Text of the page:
Retailers resigned to Tesco arrival

INDEPENDENT retailers in north Essex who fought proposals for a Tesco store have now resigned themselves to defeat.Shopkeepers in Colchester's Crouch Street had opposed plans for a new Tesco Express on their road.

INDEPENDENT retailers in north Essex who fought proposals for a Tesco store have now resigned themselves to defeat.

Shopkeepers in Colchester's Crouch Street had opposed plans for a new Tesco Express on their road. They argued the new store not only threatened existing traders' livelihoods, but also the character and charm of a historic shopping area.

Now, following recommendations from council officers, proposals for the supermarket giant's convenience store and cash machine look set to go ahead unchanged.

But as Tesco did not need planning permission to turn the former MVC premises into a mini-supermarket, many retailers had already seen the chain store's arrival as inevitable.


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Phil Gunton, director of local delicatessen H Gunton Ltd, said: “Other than chaining ourselves to the shop when they start building, there's nothing else we can do. We're despondent. We've done everything we can.

“Tesco argues it will bring more people into the street, but I can only see that happening in the evening, as there's a limited lunchtime trade. They can undercut everyone's prices and target their competition if they want. So the worst case is it will close all the food shops.”

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Mr Gunton, whose family-run shop has been trading in Crouch Street since 1936, had even started a website “TESCNO” to oppose the new store.

Feeling unable to block the shop's arrival in the street, Mr Gunton campaigned to limit its visual impact on the adjoining conservation area by “calming down” its appearance.

He said: “We had more than 900 responses to the website and leaflets and only 34 wanted a Tesco's.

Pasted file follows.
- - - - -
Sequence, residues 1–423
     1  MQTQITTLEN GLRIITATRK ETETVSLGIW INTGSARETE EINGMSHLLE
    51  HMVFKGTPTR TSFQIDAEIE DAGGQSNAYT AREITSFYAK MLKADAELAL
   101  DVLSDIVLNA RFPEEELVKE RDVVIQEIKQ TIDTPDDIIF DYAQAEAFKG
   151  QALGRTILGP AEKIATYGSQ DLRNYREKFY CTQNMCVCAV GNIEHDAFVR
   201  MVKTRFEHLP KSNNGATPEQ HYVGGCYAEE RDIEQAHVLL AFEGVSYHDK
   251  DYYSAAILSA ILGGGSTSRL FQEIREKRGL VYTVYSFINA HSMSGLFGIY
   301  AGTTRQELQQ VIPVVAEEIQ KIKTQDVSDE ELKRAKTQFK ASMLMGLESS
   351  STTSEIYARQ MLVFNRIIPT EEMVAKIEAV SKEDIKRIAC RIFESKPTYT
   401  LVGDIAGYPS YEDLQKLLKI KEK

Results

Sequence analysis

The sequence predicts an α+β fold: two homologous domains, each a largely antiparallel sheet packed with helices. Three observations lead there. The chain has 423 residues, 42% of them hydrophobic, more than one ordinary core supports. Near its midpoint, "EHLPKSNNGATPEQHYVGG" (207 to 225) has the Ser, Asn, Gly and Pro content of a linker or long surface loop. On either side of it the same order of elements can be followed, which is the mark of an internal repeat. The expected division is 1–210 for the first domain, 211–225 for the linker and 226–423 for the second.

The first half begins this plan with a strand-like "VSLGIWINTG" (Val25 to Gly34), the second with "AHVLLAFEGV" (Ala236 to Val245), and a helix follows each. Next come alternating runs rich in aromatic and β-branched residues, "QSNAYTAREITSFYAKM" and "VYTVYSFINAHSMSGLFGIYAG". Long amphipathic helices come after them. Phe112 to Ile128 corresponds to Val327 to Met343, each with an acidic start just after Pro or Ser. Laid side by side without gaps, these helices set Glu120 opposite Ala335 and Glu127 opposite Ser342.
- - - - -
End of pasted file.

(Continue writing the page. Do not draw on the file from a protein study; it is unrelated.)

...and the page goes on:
“It's likely shops will gradually disappear. I can't think of anywhere in the country where Tesco moved in and business looked up.

“Hopefully customers will support us. We never know how the leaflet campaign will translate into real life. We will just do what we can do once they open and hope people vote with their feet.”

John Whitnell, 55, who has worked in his family's greengrocer, Whitnell's on Crouch Street since he left school at 16, was confident his regulars would rescue his business's future.

He said: “I was scared when I first heard about Tesco's, but regulars have told me they won't let me down. I've got really loyal customers and they've said they'll stick by us.”

A Tesco spokeswoman said the store - due to open in May - would create around 25 jobs for local people.

She said: “We have found that our Express stores encourage people to shop locally and can have a positive knock-on effect for other retailers while attracting new business to the area.

“We look forward to serving local people and becoming part of the community.”

Colchester Borough Council's planning committee will consider the application next Thursday at 6pm.

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